The following is a letter to the editor of El Digital Sur. This isn’t something I have seen, although I do know there are lots of caravans around, but I wonder is it a regular occurrence or just a one off. What do you think – or know?
My name is Tomás Jorge Pérez and I am a resident of Los Realejos, a town where I have lived for 15 years. I was born in La Orotava and spent my adolescence and part of my youth listening to bullshit about the “terrible tourist areas of southern Tenerife”, where Canary Islanders are foreigners, where daily violence and criminality was so high that the political authorities and media had signed a pact of silence to protect the arrival of tourists.
In the last eight years I have spent many weekends in “those terrible areas of the south”. The mythical places such as “Las Américas” and “Las Verónicas” have ceased to be the nuclei of Sodom and Gomorrah and the natural habitat of “Mafias del Este”, to become tourist spaces (with both drawbacks and advantages) similar to any other part of the world, and where the Council has done (and continues) to improve public spaces, investing millions of euros to end the stigma of the 1990s and the beginning of the 21st century and I congratulate them, because they are on the right track.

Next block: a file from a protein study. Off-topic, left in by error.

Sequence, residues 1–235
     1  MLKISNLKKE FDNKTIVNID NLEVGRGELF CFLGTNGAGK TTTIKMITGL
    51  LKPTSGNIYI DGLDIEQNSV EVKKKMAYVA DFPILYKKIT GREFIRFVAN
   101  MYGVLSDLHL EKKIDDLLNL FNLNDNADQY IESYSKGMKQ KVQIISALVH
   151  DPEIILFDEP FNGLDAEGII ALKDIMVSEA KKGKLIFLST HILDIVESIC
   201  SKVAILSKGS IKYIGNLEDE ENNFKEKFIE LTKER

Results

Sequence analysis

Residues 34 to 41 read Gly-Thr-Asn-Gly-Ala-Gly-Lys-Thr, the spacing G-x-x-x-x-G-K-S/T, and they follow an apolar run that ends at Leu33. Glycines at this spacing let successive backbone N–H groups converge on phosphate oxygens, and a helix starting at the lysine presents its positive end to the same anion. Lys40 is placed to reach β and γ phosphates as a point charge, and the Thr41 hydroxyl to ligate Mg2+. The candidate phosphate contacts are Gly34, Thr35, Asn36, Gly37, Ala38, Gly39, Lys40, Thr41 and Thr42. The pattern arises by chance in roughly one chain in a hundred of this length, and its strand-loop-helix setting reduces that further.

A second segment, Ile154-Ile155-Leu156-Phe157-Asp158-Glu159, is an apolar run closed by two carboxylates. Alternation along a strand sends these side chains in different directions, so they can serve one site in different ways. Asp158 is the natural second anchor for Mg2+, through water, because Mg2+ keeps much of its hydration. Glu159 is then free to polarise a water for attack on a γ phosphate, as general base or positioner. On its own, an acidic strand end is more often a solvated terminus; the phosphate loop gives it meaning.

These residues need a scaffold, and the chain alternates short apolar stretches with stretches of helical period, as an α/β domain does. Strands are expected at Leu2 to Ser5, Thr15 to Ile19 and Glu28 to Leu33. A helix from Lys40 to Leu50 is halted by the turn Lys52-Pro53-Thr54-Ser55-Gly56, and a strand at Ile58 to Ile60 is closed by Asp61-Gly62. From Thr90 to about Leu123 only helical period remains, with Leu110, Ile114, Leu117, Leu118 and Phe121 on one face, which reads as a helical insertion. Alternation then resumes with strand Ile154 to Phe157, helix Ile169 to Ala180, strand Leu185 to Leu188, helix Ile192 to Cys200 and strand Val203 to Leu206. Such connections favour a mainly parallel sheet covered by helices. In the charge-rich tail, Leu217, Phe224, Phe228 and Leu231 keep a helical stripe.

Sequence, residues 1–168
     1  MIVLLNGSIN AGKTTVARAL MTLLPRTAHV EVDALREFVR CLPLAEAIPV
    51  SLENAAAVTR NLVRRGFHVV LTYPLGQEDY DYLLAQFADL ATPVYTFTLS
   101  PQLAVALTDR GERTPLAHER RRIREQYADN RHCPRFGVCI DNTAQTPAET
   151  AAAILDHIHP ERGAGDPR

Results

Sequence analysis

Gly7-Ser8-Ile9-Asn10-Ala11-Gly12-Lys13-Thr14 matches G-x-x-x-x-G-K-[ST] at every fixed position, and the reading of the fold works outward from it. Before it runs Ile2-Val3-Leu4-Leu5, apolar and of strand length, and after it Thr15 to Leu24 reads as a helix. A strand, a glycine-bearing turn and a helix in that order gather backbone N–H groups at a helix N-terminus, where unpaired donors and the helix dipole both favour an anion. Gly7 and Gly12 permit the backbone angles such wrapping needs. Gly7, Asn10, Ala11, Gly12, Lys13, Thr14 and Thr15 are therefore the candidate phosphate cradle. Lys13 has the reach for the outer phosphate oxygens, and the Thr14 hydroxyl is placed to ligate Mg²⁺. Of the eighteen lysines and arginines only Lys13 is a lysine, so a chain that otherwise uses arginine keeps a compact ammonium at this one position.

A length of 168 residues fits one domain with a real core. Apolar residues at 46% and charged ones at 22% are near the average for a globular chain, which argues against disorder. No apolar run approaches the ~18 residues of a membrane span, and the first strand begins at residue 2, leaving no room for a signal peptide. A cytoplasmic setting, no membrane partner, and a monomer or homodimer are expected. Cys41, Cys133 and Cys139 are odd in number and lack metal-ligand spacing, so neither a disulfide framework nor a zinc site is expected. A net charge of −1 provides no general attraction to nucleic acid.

Precisely because I have been one of those thousands of prejudiced people from Tenerife who had their eyes opened and discovered their error by enjoying the “southern environment”, I have taken the liberty of sending this letter as constructive criticism to allow them to continue improving the reality rather than the deformed prejudices.
My wife and I were staying in an apartment in “Parque Santiago I” and every day, from our terrace, we “enjoyed” the daily show offered by the owners and occupants of the caravans that parade in C/ Arenas Blancas, the continuation of Avenida Antonio Domínguez in the direction of the sea.
We noticed how the different owners watch until they could park their vehicle in front of the hotel H10 Conquistador, so that they could have a more comfortable stay. They took out their hammocks, chairs and towels and lay on the lawn, despite the repeated signage that states it is forbidden to step on the grass.
We saw how their pets (“mascot” and a huge “bitch”) made their deposits in the grass and invaded the road, without any leash, much less a muzzle (jumping with impunity over the regulations) surprising and frightening tourists, who tried to avoid this group.
The image is quite shameful and I do not think it contributes much to the facelift that the Council is doing.